Holy cow, y'all. What a weekend. And it was all awesome.Day One:
The first thing I got to do was shake Adam Baldwin's hand and thank him for being an outspoken conservative in Hollywood. He signed my Angel S5 sleeve and was very gracious. I then wandered about for awhile before hitting the "Religion in SF/F" panel, which was interesting, as always, although I was a little bemused by the fact that no one mentioned Jim Butcher and the fact that he basically singlehandedly made it okay to write good-guy people of faith in the genre again, after it had gone out of style for a couple of decades.
However, James Marsters talked about Dresden during his panel--after someone asked him what it was like to kiss John Barrowman in "Torchwood." His reaction was: "Men, if you want to kiss a woman, for the love of God, either shave
or grow it out until it's soft. Because no one wants sandpaper scraping their face, okay." It was after that that someone asked him about Dresden, and he says the next book is great
, and he talked about doing audiobooks. Now I have to pick one up. At least one. He sang, too.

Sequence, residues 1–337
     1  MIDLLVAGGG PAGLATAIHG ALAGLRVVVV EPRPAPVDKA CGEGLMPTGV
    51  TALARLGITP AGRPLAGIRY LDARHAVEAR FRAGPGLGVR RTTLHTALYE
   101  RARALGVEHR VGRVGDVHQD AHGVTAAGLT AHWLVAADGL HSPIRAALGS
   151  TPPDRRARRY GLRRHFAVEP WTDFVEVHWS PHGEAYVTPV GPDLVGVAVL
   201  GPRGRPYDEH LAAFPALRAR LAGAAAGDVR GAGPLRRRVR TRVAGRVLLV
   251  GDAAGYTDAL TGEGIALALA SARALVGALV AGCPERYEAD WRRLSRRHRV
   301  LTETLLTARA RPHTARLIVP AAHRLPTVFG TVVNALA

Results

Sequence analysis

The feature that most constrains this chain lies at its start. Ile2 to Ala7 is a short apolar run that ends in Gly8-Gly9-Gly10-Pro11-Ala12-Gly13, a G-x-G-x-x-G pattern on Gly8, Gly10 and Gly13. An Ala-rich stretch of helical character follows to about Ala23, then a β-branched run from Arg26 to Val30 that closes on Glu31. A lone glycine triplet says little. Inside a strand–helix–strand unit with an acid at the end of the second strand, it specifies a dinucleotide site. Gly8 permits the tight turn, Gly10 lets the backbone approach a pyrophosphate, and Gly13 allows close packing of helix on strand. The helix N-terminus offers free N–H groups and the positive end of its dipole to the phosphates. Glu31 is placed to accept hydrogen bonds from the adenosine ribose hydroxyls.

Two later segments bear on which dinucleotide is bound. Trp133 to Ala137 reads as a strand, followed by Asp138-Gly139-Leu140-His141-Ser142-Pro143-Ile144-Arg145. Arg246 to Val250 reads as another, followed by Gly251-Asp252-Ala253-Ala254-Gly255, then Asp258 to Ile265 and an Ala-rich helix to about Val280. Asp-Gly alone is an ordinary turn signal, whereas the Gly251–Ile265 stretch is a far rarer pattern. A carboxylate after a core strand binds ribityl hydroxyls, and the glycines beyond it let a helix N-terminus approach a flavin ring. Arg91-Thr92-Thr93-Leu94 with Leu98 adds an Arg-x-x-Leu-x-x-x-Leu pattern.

And then I stood in line (there is a lot
of standing--or sitting--in line at these things) for about an hour and a half so I could get his signature on my Angel S5 sleeve. I got to tell him that it was his fault I'm a writer, because Spike sparked my imagination that much and I just wanted him to be happy dammit
. And he just seemed blown away by the fact that he affected my life that much, that now I'm writing my own original works and getting published here and there. He was super, super nice, and I adore him even more now.
I went to dinner with James Wymore and... oh, God, I'm sorry I can't remember the guy's name--at the Desert Edge Brewery--and found out that the story that won the Salty Dog Award at Salt City Steam is going to be in an anthology with Piers Anthony. Cue a happy geek moment--I read a crapload
of Piers Anthony in high school and college, and his name will lend a certain cachet to the antho, so... yes, please.Day Two:
Three panels on writing. What do your characters want, and why can't they get it. Story is about meaning
. The Campbellian Monomyth, and the Grand Argument Story. Humor as a Venn Diagram where the benign meets the violation.
Waited in line for Karl Urban. As previously stated, I had no idea he was from New Zealand. Or was in Xena. Clearly, I have catching up to do. He told one story about auditioning for the part of an American (his first), and he put a lot of swearing in because he thought that's what Americans do. His agent said, "Yeah, don't do that again."
Then waited in line again for Brent Spiner, who is also hilarious. He said that one director threatened not to come back to the TNG set because the cast, apparently, was cutting up too much, and they got called in to a meeting, and then he did this awesome impression of Sir Patrick Stewart being Very Stern.